Therefore, the present invention includes a communication system that utilizes passive optical routing only within the subset of active satellites. It is also observed that, due to their relative motion with respect to the Earth surfaces, every satellite in the systems becomes active or inactive at a given time. Therefore, the present invention allows re-configurability in order to accommodate the changes in the satellite's roles.
In the preferred embodiment, a group of seven satellites form an active cluster (which approximately corresponds to the number of vehicles above North America or Europe in a large LEO system, such as Teledesic). A minimal number of optical carriers may be allocated to achieve full non-blocking connectivity between all the satellites in the cluster.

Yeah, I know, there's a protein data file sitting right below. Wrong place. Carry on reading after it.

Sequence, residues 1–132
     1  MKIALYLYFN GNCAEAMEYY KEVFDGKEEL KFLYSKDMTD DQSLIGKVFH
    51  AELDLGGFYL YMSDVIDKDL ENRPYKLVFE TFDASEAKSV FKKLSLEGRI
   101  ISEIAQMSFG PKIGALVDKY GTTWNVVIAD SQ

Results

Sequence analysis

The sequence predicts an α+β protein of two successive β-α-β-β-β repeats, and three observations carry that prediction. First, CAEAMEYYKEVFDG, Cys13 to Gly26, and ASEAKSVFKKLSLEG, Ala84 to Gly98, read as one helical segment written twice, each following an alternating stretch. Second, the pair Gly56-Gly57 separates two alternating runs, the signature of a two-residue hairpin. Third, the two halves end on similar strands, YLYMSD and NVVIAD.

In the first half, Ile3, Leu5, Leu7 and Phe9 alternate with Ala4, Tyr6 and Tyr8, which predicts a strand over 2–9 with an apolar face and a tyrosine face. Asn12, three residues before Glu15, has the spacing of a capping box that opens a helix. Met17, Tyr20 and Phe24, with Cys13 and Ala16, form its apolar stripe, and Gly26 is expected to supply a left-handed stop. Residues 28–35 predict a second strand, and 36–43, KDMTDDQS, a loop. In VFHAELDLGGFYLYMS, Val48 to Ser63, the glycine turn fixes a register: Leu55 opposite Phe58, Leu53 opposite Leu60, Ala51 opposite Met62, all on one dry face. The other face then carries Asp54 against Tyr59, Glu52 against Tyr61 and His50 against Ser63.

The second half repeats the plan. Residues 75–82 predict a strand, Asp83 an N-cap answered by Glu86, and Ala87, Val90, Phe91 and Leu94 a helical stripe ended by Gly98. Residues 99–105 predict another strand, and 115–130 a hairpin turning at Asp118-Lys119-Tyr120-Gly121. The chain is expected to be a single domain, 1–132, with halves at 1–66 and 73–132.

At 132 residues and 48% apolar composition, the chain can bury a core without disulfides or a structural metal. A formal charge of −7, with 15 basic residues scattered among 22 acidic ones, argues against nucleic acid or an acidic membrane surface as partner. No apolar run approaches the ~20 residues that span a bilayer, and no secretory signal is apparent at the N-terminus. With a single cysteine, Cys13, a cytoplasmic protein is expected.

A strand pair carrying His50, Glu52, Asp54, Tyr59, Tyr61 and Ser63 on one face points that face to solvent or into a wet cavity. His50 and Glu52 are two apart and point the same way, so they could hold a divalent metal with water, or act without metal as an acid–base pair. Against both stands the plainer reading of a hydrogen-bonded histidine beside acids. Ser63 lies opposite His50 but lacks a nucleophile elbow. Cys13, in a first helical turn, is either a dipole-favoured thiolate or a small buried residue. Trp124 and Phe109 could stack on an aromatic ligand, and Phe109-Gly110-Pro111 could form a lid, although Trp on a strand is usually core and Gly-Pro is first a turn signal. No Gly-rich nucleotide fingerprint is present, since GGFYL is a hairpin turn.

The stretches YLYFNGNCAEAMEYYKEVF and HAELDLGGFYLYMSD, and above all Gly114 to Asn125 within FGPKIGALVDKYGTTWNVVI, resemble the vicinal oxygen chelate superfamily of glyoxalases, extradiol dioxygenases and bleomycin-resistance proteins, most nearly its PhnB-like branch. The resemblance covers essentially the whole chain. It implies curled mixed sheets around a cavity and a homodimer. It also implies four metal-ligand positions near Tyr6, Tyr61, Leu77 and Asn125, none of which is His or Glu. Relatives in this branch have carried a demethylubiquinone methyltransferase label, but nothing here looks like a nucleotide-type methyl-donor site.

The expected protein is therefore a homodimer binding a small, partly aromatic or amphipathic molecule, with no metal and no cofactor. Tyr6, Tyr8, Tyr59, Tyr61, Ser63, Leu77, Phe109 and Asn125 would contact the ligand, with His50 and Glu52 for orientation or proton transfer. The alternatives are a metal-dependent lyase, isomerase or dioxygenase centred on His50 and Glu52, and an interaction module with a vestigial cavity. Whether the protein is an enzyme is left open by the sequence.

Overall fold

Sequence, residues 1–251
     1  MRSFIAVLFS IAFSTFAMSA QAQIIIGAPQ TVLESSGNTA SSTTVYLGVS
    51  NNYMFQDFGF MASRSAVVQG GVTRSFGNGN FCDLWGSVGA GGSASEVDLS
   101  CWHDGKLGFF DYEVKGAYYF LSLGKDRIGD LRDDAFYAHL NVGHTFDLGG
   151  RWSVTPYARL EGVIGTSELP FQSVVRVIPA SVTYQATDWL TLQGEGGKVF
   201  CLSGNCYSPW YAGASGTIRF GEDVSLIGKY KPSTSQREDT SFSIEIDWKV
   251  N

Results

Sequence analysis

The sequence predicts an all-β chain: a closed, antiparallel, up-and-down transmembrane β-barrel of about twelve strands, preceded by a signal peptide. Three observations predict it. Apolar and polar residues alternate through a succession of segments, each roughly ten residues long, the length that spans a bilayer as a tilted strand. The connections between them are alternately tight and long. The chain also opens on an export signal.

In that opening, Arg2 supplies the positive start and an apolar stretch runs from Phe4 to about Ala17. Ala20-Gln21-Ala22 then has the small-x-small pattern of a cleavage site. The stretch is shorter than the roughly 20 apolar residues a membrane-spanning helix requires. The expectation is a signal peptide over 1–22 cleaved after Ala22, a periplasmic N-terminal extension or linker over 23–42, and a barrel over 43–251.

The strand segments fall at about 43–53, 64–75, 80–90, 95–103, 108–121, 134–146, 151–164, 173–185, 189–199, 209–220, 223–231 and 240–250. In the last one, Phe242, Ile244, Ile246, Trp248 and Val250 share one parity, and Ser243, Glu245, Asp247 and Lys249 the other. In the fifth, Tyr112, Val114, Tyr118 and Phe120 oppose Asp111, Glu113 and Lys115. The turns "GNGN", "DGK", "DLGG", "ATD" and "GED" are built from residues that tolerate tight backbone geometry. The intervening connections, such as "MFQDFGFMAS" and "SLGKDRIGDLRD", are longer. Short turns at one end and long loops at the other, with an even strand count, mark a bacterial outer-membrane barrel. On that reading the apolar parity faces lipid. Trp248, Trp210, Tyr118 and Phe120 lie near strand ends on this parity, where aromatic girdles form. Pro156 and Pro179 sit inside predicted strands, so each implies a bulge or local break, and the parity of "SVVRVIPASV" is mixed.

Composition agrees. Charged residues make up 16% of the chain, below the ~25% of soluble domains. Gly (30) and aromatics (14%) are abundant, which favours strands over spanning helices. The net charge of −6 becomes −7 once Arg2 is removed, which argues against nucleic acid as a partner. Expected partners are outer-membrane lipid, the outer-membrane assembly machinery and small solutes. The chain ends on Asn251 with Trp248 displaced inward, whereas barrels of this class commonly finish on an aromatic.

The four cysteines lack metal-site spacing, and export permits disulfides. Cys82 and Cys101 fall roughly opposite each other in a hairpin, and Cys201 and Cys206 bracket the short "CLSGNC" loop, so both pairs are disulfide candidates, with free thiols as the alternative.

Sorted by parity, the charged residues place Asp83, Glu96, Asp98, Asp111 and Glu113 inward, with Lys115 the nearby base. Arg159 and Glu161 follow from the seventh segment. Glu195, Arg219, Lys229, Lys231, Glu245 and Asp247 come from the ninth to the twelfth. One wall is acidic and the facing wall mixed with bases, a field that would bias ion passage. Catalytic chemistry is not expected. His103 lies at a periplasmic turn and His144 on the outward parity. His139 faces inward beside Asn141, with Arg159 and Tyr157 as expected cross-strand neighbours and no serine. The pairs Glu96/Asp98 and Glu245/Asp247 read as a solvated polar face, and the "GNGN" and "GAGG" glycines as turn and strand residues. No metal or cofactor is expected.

In one aspect of the invention, a satellite constellation has a plurality of satellites. Each of said satellites has an RF ground link for communicating with a ground station and an optical link for communication with at least one of the plurality of satellites. Each of said satellites has a reconfigurable optical transmitter for sending and receiving data streams. Each reconfigurable optical transmitter has a first optical carrier associated therewith and a reconfigurable optical receiver. The plurality of satellites is arranged to have a first subset of satellites. The first subset of satellites is configured to communicate. The plurality of satellites is reconfigured to have a second subset of satellites having at least one different satellites than that of said first subset. The second subset supercedes the first subset. The second subset of satellites is configured to communicate. Various subset around the globe may form local area networks. The local area networks are preferably optically coupled to form a wide area network.